Metro Manila saw a great increase of cyclists during the pandemic. Aside from more bikers on the roads, bike lanes have been evidently present to help people on bicycles travel conveniently and safer.
The German Embassy Manila, in partnership with First Bike Ride and Catnip Studios, released an advocacy video titled “Cycling in Metro Manila: Riding towards sustainable solutions” on World Bicycle Day to give a glimpse on how it is to ride a bicycle in Metro Manila, its challenges and the importance of cycling infrastructure.
“Since the pandemic hit the Philippines two years ago, the number of cyclists and bike lanes in Metro Manila have greatly increased. However, much is to be done if Metro Manila wants to fully transform into a cycling city,” the German Embassy Manila said. “Germany supports cycling as a form of sustainable mobility and a healthy lifestyle. The positive growth of cycling enthusiasts, commuters, and advocates in Metro Manila is a very welcome development.”
Dr. Georg Maue, Commercial Counsellor of German Embassy Manila, regularly rides his bicycle for commutes in Metro Manila. He champions the benefits of cycling but saw that there are still things to improve in the Philippines to make biking better in the country.
In the video, he’s cycling along protected bike lanes and slow streets in Makati. Maue is also seen biking along challenging roads like painted bike lanes with obstructions.
“If there’s one positive aspect brought to us, because of the restrictions and the lockdowns, Metro Manila all of a sudden became a cyclists’ city more or less overnight for the span of two years,” Maue said. “Sure, it can’t compare to cities like Amsterdam or Copenhagen but cycling was basically as invisible on the roads in Metro manila and it grew in a very short period of time and that’s impressive by itself.”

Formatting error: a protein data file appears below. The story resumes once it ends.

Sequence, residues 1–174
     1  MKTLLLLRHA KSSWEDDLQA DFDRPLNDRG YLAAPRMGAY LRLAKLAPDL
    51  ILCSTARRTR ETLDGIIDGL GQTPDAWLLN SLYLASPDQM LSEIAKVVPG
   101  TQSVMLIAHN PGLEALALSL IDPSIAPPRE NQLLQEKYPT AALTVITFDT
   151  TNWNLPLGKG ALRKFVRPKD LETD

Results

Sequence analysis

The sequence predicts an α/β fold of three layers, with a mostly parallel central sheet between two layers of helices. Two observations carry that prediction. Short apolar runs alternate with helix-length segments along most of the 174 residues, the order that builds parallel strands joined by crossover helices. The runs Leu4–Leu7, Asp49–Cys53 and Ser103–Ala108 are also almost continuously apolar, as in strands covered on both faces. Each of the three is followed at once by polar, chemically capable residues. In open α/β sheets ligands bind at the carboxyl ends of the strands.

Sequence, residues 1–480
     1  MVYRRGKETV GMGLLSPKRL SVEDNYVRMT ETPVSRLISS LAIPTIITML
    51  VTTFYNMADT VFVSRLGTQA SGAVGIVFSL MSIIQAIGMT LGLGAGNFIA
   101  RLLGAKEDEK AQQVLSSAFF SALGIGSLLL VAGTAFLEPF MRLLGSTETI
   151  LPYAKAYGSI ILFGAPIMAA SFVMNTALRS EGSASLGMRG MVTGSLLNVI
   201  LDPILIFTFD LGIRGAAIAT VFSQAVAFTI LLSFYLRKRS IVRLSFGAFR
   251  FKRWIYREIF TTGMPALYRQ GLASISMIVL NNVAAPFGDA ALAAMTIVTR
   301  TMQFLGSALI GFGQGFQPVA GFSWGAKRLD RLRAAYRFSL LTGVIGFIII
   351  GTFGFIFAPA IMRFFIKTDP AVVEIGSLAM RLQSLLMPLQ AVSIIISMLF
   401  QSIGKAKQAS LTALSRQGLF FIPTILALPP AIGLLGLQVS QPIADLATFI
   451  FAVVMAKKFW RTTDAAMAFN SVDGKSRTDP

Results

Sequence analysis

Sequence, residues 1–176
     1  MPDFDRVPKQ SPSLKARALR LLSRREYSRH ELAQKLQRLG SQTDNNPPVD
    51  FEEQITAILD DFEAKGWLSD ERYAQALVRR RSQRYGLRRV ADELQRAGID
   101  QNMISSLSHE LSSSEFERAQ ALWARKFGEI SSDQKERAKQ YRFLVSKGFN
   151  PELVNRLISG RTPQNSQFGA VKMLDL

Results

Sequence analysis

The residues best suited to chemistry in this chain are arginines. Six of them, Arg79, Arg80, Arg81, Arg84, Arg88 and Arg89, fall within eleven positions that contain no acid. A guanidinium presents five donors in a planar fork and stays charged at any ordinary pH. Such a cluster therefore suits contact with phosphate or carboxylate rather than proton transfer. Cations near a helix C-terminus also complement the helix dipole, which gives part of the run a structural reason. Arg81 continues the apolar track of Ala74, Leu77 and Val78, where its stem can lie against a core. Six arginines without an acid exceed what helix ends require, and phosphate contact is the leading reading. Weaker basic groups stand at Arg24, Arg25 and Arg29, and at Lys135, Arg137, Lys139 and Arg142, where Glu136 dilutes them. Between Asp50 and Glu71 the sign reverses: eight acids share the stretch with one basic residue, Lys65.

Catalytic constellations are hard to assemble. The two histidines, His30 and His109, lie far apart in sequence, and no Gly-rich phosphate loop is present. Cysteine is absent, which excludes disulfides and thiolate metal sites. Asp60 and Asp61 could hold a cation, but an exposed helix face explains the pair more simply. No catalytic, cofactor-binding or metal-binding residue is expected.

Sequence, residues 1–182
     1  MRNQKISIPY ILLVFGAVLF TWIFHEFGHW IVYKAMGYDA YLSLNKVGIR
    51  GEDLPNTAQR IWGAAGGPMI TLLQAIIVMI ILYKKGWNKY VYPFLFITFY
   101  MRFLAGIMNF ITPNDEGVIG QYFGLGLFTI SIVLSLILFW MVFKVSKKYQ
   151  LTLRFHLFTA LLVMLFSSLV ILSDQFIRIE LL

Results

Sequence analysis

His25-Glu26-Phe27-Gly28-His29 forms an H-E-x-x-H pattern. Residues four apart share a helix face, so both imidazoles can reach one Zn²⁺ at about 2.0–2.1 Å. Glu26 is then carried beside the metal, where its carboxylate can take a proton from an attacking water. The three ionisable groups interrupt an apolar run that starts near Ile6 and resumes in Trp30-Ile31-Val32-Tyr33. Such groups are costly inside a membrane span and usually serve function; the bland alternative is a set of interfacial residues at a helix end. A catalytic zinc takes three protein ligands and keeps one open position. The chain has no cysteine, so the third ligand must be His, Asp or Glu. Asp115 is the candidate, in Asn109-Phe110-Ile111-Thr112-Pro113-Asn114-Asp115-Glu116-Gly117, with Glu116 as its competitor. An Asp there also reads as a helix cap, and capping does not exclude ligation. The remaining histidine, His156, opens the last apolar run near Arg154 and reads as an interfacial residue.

He added, “The question now is, ‘will cycling persist as the pandemic slowly reverts to a new normal or was it just a fill in alternative due to the lack of public transport like buses and jeepneys?’”
Bike commuters gave their thoughts and opinions about their experiences cycling in Metro Manila.
Rey Oora, a bike commuter since 2005, said that he started doing a 4-kilometer bike ride to his work during his first few years of cycling. But now, he’s doing 40 kilometers daily. He said that it’s possible to ride a bicycle in the city but the pandemic managed to make it more evident to the public.
“I was able to save money. But more importantly, I saved time. I was usually late. That changed when I started bike commuting, I wasn’t late anymore so I realized that this was a solution,” Oraa said.
Michelle Baldevia, an office worker who started cycling last December, is relatively a newbie bike commuter. She said that cycling saves her time, money and energy. However, she mentioned that it can be quite a hassle riding a bicycle in the metropolis.
“As a cyclist, it’s very challenging to ride our bikes in our cities because of the lack of protected bike lanes, the existence of potholes in some bike lanes and also obstructions that we encounter around,” Michelle said.
First Bike Ride founder Lester Babiera emphasized that a good cycling infrastructure is the key in making people ride a bike in the city. He believes that cycling should be encouraged because it’s a sustainable form of transport.
Biking is clean, saves space on the road, produces minimal noise and an effective way for cities to reduce their carbon emission.
“I believe that if we have better bike infrastructure, more people will go out and use their bicycles on the road,” Babiera said. “Better cycling infrastructure is definitely the greatest motivation that anyone — any government, any institution — can give to people to go into sustainable transport.”
Watch the video produced by the German Embassy Manila that showcases how cyclists in Philippine cities ride their bicycles, the bike lanes and other bike infrastructure with some initiatives from Allianz PNB Life Insurance, Inc.